The Power of Self-Reflection |

5 min read
Clay Banks/Unsplash

Source: Clay Banks/Unsplash

Recently, I had the pleasure of attending the annual conference of the Association for Continuing Higher Education. This organization is dedicated to the success of students who don’t follow the direct path from high school to college to degree. These are folks who…

  • tried college but couldn’t finish.
  • put their education on hold to raise children.
  • joined the armed services.
  • got laid off (or quit, or want to quit) and need workforce training.
  • don’t have a college credential for a million other reasons.

The excitement at this conference was infectious. These professionals, who have devoted their careers to students who aren’t 18- to 22-year-old undergrads, clearly see themselves as the misfits of higher education. But they’re having their moment as continuing education now represents 40 percent or more of college enrollment. These numbers will surely grow as colleges, businesses, and states are all focused on getting working adults back into the classroom to boost economic prosperity and reduce inequities. I left Charleston plenty buzzed, but one talk really got me excited, despite its seemingly mundane topic: Credit for Prior Learning (CPL).

Credit for Prior Learning

CPL is when students earn academic credit for skills they learned outside of college, such as at a job or in the military. CPL makes adult learners more likely to graduate and to graduate faster. While I’ve known about the benefits of CPL for a while, not until now did I understand how someone might earn CPL. And it’s the how that speaks to something that may be missing from much of higher education.

CPL can be awarded through several mechanisms, including exams, job training certifications, and military training. Dr. Matt Bergman, however, described how students at the University of Louisville create a portfolio of their prior learning as part of a credited course. Students must describe each “occupational experience,” along with documentation, and write a reflection essay on what they learned from it. These skills are linked to specific college credits, and students may earn up to 48 credit hours (or 40 percent of a degree).

What intrigues me most about these CPL portfolios is the reflection essays. I’ve written before about the power of self-reflection to motivate persistence. In crafting a CPL portfolio, adult learners similarly write about the utility-value of their work or military experiences: what they learned, how it applies to college, and how it will apply to their future career. It was unsurprising to hear Dr. Bergman describe the pride these students feel when they submit their final portfolios, describing them as “peacocks.”

Reflecting on the Value of Education

As I flew home, I wondered whether CPL portfolios tell us something about how to help students get the most out of college. Recent surveys indicate that about 40 percent of college graduates regret their major, and perhaps as many as one-third regret college altogether. While student debt and a tough job market are not easily dismissed, perhaps some of this regret stems from a lack of guided self-reflection.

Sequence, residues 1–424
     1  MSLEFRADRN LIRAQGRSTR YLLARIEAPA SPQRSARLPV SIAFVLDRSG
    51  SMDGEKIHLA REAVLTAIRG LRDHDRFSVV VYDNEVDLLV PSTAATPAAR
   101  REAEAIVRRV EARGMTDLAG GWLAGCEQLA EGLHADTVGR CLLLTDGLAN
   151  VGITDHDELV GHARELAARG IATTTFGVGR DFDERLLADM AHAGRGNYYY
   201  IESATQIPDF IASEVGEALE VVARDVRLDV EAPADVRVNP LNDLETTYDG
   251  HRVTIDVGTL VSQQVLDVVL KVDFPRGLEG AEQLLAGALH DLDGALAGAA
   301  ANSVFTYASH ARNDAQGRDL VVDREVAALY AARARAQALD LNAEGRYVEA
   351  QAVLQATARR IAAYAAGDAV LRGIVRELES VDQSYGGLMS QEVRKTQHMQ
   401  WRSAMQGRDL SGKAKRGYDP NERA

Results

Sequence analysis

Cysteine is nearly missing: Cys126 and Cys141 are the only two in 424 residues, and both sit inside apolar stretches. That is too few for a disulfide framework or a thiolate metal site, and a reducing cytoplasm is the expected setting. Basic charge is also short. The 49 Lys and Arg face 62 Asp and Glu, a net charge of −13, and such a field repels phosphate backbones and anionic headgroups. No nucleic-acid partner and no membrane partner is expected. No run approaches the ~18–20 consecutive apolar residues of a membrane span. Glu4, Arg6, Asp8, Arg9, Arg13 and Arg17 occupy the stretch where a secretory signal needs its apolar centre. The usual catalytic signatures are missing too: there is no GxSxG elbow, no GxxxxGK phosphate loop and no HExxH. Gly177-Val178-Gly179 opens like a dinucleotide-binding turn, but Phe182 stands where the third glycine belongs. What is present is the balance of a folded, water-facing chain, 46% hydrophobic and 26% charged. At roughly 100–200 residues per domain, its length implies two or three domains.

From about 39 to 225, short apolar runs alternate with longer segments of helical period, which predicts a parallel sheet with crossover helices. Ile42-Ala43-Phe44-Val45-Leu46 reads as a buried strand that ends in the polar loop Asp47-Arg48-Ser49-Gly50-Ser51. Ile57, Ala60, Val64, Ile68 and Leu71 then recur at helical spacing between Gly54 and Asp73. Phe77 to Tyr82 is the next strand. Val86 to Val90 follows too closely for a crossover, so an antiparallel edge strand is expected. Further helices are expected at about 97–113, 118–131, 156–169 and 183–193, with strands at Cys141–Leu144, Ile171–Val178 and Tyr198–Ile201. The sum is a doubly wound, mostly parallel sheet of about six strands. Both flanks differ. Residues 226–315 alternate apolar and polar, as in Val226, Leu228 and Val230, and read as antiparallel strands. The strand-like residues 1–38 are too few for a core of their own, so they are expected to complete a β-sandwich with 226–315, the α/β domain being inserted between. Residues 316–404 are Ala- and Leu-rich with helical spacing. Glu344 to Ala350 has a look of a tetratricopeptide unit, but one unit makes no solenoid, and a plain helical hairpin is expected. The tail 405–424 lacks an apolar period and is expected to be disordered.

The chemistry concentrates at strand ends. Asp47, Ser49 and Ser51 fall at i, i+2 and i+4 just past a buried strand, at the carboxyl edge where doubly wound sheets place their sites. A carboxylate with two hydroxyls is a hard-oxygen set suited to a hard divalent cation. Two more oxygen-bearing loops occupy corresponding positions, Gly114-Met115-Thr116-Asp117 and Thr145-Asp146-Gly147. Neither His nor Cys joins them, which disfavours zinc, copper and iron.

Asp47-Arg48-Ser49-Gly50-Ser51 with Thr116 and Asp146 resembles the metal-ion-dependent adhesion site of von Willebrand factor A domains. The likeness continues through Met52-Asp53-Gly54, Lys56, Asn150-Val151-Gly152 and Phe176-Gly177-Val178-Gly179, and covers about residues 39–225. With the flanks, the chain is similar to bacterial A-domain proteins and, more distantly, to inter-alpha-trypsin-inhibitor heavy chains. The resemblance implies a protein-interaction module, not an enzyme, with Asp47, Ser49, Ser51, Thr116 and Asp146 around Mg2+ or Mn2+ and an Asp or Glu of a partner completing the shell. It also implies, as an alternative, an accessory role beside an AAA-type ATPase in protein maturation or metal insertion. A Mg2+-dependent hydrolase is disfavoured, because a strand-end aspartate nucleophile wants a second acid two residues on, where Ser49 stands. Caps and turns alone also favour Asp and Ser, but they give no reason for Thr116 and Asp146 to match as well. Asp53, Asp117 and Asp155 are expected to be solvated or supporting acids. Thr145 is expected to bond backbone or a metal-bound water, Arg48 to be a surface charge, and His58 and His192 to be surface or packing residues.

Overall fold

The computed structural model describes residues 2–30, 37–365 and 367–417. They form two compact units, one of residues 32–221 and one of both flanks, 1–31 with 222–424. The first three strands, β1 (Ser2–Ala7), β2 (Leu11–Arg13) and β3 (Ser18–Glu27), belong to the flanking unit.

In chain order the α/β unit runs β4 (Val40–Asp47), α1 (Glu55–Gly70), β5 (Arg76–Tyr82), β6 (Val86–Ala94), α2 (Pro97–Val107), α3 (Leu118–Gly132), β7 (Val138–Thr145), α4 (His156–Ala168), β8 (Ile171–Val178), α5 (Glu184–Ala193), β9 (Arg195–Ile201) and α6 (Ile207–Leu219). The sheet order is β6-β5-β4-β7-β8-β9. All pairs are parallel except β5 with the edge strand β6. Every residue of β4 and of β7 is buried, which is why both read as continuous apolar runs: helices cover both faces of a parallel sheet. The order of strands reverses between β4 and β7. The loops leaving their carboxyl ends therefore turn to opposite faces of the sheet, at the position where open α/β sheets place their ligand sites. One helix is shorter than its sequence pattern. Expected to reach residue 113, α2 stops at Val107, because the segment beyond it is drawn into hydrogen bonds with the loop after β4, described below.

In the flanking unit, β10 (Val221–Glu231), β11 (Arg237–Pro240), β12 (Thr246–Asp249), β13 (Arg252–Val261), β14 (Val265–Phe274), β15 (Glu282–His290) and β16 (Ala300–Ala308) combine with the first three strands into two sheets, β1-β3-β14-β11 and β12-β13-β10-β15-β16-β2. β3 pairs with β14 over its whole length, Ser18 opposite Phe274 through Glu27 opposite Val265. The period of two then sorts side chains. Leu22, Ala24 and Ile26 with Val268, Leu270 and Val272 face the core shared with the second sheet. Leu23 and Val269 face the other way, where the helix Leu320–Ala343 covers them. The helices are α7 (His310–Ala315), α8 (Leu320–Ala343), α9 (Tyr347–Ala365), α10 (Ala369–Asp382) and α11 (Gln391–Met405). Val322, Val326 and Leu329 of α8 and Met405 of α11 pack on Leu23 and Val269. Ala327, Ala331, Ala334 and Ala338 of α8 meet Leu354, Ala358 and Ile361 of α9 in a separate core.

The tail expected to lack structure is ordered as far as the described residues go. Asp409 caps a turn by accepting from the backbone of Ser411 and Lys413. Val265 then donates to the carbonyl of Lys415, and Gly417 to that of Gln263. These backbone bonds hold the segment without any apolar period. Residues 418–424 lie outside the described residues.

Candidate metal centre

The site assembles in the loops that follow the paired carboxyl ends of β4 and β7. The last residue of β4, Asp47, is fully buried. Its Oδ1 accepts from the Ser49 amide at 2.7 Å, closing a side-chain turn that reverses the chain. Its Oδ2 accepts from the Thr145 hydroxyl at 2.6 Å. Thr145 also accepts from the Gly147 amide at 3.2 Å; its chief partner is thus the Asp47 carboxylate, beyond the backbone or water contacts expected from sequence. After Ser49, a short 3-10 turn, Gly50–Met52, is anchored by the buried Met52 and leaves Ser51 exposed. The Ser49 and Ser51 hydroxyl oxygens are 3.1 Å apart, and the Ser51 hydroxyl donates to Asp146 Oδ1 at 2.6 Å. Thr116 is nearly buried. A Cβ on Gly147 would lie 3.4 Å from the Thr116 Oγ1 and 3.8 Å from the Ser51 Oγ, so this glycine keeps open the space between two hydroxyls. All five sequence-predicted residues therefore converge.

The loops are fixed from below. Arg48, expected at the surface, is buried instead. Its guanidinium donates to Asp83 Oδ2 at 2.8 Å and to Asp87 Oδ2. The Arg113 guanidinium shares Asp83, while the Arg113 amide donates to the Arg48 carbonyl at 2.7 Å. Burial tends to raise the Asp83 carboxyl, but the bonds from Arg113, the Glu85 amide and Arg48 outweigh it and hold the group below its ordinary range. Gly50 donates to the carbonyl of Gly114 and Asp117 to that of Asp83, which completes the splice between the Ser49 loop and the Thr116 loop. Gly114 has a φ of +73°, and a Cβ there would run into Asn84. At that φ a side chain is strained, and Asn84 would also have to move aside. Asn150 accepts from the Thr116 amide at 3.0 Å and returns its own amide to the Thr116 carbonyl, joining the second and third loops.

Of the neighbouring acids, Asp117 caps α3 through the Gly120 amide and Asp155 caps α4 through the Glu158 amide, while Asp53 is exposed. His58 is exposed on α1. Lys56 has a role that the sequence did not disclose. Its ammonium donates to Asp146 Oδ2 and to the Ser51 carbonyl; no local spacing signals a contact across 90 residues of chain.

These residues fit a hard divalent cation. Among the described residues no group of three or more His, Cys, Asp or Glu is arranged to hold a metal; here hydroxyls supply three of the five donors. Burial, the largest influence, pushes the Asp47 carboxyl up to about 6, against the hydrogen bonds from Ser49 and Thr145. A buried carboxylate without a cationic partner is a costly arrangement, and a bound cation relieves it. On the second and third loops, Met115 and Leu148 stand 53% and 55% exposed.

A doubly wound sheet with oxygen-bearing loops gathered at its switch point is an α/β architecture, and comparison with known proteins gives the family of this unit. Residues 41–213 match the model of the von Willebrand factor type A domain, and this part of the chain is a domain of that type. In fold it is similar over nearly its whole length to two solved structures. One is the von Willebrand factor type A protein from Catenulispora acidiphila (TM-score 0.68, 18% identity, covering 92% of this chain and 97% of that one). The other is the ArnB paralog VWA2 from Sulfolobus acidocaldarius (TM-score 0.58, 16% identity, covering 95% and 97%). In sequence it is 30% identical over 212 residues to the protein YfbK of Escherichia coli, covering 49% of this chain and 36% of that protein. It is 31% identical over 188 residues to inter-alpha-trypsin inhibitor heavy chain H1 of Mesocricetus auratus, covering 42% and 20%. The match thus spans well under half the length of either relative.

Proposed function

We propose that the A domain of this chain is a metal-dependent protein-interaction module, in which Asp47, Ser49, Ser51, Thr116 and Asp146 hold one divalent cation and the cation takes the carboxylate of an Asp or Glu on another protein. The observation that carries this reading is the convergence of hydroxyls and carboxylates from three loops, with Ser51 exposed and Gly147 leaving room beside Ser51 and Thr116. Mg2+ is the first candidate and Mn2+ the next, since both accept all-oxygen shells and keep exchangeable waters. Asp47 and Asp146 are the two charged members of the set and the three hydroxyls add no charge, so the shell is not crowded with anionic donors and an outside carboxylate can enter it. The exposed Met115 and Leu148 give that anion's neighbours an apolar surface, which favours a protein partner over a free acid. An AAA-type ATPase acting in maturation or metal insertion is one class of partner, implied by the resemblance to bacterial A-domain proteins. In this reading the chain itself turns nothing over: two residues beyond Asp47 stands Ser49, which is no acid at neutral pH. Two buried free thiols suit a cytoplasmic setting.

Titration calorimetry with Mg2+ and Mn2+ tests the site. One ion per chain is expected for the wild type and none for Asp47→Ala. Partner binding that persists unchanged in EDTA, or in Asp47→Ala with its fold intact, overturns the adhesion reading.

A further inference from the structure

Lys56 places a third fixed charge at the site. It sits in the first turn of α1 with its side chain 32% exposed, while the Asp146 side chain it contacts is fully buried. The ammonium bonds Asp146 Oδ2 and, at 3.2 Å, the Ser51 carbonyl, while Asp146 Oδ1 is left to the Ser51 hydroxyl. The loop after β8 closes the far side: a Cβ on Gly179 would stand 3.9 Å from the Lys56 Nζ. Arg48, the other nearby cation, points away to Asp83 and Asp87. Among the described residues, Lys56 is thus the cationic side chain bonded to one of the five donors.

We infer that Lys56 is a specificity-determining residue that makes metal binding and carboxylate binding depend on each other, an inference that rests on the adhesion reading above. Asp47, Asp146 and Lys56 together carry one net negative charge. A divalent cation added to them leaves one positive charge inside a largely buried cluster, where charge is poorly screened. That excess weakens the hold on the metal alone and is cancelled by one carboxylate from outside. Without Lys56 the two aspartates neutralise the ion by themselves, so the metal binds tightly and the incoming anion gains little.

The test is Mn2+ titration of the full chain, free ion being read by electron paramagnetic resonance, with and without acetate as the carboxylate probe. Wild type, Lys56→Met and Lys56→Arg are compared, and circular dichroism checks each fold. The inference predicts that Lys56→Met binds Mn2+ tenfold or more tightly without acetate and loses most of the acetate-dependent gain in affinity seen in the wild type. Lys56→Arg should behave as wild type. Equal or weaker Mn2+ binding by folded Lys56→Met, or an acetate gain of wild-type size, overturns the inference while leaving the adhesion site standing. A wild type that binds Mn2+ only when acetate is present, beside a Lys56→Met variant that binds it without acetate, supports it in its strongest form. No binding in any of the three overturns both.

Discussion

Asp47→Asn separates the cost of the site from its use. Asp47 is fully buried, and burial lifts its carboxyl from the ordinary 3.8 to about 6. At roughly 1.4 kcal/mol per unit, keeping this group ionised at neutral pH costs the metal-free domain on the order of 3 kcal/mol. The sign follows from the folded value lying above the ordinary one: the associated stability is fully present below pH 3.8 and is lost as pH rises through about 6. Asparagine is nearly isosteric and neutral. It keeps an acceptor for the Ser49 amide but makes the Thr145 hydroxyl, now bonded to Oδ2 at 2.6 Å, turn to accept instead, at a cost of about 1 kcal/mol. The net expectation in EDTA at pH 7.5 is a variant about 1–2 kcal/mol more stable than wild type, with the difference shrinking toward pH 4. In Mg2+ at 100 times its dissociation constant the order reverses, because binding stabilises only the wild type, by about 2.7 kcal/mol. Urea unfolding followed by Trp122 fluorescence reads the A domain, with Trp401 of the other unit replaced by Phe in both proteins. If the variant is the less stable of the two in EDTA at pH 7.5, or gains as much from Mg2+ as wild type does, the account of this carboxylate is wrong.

Many college students have a culminating experience, such as an internship, thesis, or experiential learning. While these capstones can be transformational—I certainly wouldn’t be a Ph.D. behavioral scientist without my undergraduate senior thesis experience—they tend to highlight a subset of skills learned in college, mostly within one’s major. Moreover, not all students have access to these culminating experiences.

What if every student created a portfolio of their college experience, similar to how Louisville students earn CPL? For each class, students would describe what they learned and reflect on how it applies to other college classes, their future careers, or their lives in general. This could be especially enlightening for students’ gen-ed courses, which are often viewed as a stepping stone to the “important” classes, but lacking inherent value. These portfolios could also include reflections on internships, work experience (even if not earning CPL), student organizations, and sports, helping students write the story of their time in college that they will one day share with potential employers.

These portfolios could be created on a term-by-term basis, which would convey multiple advantages:

  • The portfolio would be a living document that grows over time, rather than a massive lift at the end of college that wouldn’t be feasible for many students.
  • The portfolio could support students’ conversations with faculty and advisors about course registration, major selection, and career paths.
  • The portfolio would provide documentation of skills learned by students who need to work during college, or who take a break from college to work.
  • The portfolio could provide better feedback for faculty than traditional student evaluations.

Education Essential Reads

In the end, the portfolio would provide the foundation for an amazing resume, and could perhaps itself be a document submitted to employers to demonstrate one’s competencies. The mere act of consistent self-reflection might be impressive enough on its own.

The Power of Self-Reflection

College students have several ways to earn credits, including taking classes, AP courses, CPL, and experiential learning. But many of these options (especially classes) lack self-reflection on why it’s important. The “traditional” college experience could be enriched if we took inspiration from Louisville’s CPL process. Ultimately, we need to encourage all students to better understand what they’ve learned, why they’ve learned it, and how it will benefit their lives both professionally and personally.

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